A New South Wales detective being probed over an online gambling scheme says he started the operation after a professional punter offered to help him with his financial troubles.
The Police Integrity Commission is examining how Detective Senior Constable Anthony Williams and Senior Constable Marc Smith created betting accounts using the personal details of their friends and colleagues.
The PIC has heard that 17 people were involved in the scheme between May 2012 and March 2013.
The two officers paid for the information to create the accounts, which were used to bet on behalf of professional gamblers Stephen Fletcher and Darren Azzopardi.
The accounts allowed Mr Fletcher and Mr Azzopardi to circumvent bans on them using online gambling websites.
Detective Constable Williams became emotional this morning as he told the PIC he was in financial trouble after a car accident in early 2012, and Mr Fletcher offered to help.
"I'm not making excuses. It was an awful time of my life and I was just trying to get some money," he said.
The officer said the two met during a murder trial in 2003, which Mr Fletcher had sat through in the public gallery.
Counsel assisting the commission Peter Hamill SC asked the detective whether he now thought he was doing the wrong thing.
Detective Constable Williams responded he still believed there was a "loophole" in the system and he was "just trying to get everyone to win some money".
Mr Hamill challenged the statement, saying it was hardly a collaborative operation when "the bets were determined by Mr Fletcher and Mr Azzopardi", and they kept the majority of the winnings.
Detective Constable Williams told the hearing he was a "middle man" between Constable Smith and the professional gamblers involved.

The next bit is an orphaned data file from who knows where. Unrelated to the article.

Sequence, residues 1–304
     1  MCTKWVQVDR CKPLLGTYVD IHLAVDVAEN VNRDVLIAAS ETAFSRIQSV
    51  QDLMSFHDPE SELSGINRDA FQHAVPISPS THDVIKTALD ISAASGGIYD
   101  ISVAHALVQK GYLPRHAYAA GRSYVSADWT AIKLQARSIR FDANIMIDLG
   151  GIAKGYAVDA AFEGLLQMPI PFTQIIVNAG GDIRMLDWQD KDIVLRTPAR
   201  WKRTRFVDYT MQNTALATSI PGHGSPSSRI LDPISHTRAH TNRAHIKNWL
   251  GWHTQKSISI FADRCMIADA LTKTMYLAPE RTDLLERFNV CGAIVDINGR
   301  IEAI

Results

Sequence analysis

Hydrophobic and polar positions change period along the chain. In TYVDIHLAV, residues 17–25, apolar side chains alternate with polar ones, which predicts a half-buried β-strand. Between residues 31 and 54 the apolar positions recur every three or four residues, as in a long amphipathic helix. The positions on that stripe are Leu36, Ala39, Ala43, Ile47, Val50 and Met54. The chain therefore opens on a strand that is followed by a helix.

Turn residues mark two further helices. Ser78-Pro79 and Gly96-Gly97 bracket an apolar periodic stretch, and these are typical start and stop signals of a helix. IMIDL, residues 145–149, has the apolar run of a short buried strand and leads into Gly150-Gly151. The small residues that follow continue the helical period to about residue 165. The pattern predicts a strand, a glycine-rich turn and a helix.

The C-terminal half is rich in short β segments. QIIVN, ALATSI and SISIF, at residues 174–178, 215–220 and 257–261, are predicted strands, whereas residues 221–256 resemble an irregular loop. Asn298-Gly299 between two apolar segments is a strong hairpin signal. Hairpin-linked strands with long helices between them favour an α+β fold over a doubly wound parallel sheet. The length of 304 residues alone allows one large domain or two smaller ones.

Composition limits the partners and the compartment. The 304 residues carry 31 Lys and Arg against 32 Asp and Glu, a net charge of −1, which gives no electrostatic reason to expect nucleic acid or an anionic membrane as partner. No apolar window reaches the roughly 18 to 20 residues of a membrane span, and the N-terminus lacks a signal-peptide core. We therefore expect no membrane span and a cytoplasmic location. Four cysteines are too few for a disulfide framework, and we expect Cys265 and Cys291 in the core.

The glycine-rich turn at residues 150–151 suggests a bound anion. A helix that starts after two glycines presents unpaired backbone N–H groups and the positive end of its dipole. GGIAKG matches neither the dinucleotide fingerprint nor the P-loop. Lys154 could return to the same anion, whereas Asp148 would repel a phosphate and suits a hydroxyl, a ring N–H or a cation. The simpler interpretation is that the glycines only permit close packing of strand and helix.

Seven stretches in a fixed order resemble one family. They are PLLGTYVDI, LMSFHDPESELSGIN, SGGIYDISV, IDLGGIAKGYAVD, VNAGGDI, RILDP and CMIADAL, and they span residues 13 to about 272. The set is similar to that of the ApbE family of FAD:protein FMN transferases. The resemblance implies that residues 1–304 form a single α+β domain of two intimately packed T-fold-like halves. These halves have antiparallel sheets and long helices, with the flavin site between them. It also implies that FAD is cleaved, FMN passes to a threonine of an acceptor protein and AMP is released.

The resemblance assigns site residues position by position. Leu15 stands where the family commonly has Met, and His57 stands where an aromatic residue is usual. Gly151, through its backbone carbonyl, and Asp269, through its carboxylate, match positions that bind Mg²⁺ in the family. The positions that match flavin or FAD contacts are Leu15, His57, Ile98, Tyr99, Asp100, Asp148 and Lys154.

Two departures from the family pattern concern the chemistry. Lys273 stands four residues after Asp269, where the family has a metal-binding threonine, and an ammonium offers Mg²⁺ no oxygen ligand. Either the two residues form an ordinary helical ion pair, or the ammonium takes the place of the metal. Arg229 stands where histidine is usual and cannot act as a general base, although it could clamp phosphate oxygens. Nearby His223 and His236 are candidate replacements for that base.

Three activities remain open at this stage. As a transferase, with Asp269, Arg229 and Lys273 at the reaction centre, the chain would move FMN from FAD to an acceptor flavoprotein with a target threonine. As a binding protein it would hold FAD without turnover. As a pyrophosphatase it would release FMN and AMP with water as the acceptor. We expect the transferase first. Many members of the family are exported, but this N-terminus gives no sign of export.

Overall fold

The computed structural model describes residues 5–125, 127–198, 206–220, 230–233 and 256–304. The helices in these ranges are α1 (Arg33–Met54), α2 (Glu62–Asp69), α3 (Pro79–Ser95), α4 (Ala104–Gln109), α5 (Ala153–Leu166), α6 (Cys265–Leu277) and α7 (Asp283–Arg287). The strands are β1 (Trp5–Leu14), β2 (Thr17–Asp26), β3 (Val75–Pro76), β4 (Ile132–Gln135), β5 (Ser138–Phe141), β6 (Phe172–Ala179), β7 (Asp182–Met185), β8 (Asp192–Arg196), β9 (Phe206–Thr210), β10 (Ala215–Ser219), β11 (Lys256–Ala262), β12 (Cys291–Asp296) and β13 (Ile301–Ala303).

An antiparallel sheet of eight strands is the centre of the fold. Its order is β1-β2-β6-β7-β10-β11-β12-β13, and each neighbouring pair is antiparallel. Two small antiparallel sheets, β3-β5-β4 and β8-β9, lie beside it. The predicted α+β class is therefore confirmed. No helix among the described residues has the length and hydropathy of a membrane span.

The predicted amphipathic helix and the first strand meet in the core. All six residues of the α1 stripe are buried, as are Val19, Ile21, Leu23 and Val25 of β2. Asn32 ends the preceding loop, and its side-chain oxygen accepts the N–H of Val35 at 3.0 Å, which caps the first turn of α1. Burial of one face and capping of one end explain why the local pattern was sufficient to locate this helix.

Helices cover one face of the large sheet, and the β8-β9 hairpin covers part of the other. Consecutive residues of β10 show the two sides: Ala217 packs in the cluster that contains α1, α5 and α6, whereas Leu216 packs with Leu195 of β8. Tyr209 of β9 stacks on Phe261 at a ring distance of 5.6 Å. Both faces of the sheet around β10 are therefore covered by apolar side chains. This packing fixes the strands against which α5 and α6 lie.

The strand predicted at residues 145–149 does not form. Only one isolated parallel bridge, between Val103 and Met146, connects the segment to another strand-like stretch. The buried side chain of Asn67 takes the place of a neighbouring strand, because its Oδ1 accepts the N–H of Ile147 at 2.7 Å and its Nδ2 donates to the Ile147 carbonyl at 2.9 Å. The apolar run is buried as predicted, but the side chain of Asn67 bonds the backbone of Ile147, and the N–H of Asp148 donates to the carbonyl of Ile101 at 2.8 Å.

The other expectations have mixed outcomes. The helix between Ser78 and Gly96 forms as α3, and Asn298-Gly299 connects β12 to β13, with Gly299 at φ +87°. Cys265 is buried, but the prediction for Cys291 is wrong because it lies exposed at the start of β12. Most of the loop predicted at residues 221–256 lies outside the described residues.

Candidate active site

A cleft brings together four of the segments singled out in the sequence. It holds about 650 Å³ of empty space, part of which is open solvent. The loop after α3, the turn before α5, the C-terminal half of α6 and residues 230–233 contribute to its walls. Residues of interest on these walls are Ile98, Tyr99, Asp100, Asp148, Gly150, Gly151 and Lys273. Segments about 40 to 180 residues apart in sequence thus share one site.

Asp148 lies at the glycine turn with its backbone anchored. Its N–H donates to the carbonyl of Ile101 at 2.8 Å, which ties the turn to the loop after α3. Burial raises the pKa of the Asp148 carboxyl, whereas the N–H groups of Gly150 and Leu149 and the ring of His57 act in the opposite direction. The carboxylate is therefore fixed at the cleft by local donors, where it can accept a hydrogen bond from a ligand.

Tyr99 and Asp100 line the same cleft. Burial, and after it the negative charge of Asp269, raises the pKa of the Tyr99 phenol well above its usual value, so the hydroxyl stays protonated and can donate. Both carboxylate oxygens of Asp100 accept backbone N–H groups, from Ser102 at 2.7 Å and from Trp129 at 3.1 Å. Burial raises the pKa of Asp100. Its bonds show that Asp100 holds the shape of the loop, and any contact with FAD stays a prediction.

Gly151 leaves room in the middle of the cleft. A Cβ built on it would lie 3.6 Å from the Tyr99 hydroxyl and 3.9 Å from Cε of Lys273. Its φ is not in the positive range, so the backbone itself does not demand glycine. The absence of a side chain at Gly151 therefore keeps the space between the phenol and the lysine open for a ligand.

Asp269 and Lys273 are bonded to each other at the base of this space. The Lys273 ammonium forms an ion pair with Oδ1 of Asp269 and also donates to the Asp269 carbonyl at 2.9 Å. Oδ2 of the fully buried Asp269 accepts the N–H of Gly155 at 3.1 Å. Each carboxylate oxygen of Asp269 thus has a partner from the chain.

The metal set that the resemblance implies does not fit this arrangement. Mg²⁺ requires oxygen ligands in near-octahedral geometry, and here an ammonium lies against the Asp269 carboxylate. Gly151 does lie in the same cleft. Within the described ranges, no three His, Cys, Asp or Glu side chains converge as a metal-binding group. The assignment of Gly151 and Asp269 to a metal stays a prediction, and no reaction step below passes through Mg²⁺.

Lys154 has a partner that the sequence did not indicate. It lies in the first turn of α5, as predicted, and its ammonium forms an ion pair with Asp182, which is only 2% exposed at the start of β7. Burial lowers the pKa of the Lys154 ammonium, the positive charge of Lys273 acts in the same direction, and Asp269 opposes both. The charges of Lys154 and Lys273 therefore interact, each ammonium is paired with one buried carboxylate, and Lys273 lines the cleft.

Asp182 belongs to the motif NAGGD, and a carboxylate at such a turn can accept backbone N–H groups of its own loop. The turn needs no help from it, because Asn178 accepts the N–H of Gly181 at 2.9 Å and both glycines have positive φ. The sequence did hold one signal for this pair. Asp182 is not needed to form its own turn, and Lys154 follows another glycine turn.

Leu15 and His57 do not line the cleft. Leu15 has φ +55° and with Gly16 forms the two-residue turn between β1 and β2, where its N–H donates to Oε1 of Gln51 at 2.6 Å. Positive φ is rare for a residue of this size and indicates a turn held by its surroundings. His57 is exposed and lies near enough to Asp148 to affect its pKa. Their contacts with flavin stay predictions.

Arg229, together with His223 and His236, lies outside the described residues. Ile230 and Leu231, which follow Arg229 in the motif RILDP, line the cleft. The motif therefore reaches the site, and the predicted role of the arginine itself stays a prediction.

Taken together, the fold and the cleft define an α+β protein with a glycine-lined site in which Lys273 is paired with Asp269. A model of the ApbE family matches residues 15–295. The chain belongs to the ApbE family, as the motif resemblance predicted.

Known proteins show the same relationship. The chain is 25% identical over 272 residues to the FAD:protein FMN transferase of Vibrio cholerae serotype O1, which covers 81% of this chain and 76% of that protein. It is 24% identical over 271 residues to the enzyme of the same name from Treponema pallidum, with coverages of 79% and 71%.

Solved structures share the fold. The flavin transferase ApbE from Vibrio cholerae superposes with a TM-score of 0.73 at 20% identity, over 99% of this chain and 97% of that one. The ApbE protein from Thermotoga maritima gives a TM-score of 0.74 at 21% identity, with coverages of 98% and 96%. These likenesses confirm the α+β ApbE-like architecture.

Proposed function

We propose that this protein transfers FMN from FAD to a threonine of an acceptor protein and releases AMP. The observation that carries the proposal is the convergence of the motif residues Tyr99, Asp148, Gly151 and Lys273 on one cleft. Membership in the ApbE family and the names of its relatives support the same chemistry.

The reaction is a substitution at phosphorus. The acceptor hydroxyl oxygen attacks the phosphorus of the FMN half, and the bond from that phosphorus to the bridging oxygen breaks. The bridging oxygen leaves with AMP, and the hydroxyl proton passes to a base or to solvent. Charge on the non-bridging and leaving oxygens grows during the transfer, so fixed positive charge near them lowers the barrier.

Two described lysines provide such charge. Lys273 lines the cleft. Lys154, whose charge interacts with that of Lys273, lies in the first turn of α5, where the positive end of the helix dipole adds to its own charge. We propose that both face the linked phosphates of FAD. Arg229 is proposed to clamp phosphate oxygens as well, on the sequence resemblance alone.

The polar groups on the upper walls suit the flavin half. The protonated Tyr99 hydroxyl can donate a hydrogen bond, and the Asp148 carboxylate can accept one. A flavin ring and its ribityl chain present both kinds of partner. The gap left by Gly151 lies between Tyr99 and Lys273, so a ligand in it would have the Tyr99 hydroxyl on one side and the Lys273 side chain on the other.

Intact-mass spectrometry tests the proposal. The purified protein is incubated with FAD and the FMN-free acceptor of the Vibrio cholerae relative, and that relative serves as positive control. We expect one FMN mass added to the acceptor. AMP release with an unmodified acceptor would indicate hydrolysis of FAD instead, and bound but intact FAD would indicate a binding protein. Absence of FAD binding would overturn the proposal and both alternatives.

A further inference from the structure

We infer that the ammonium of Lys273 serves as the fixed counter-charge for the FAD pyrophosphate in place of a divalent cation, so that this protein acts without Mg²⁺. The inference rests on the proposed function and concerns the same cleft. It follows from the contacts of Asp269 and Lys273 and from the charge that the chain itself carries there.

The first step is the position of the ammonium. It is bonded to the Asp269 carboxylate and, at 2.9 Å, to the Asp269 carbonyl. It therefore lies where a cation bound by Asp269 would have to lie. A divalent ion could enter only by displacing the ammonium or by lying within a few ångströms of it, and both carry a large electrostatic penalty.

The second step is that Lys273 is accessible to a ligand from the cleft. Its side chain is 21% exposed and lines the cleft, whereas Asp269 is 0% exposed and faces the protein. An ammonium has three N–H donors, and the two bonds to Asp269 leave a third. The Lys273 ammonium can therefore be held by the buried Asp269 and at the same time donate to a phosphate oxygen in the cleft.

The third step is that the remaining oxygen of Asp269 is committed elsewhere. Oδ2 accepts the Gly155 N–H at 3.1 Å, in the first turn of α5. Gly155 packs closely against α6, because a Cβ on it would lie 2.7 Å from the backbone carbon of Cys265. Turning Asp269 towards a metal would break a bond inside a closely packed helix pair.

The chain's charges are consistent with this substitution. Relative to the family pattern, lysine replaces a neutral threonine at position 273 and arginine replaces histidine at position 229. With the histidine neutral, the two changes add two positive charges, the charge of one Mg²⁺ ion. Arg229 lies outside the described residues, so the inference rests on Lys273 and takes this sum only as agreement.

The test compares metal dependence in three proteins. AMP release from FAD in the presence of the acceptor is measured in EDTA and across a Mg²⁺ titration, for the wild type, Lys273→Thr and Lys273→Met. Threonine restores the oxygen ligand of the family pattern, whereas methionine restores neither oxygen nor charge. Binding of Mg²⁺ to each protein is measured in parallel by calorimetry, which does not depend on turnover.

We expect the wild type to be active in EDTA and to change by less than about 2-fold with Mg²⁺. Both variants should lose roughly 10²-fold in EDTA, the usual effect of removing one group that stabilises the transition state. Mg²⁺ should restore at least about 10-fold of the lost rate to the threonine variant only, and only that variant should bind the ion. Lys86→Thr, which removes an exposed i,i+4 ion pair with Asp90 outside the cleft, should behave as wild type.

"I was what I'd call, in my own terms, a commission agent and the go-between between Marc Smith and Stephen Fletcher and Darren Azzopardi," he said.
Detective Williams began the scheme with Constable Smith after a colleague described the latter as a keen punter.
Mr Hamill has questioned whether the officer targeted people he perceived as vulnerable.
"You heard Mr Smith indicate that he had a gambling problem. Did you hear him say that?" Mr Hamill asked Detective Constable Williams.
"When I was hearing the evidence provided by Mr Smith, I didn't know the extent of his gambling habits," he said.
The hearing was told $250 000 was placed through a man's account, described as a colleague in the Homicide Squad.
Mr Hamill told the hearing the man also had a gambling problem involving poker machines.
Detective Constable Williams told the hearing he was not aware of their gambling issues until later.
"To say that I targeted them because I knew that they were both gamblers is totally incorrect," he said.
The officer also admitted opening up online betting accounts in his father's and sister's names.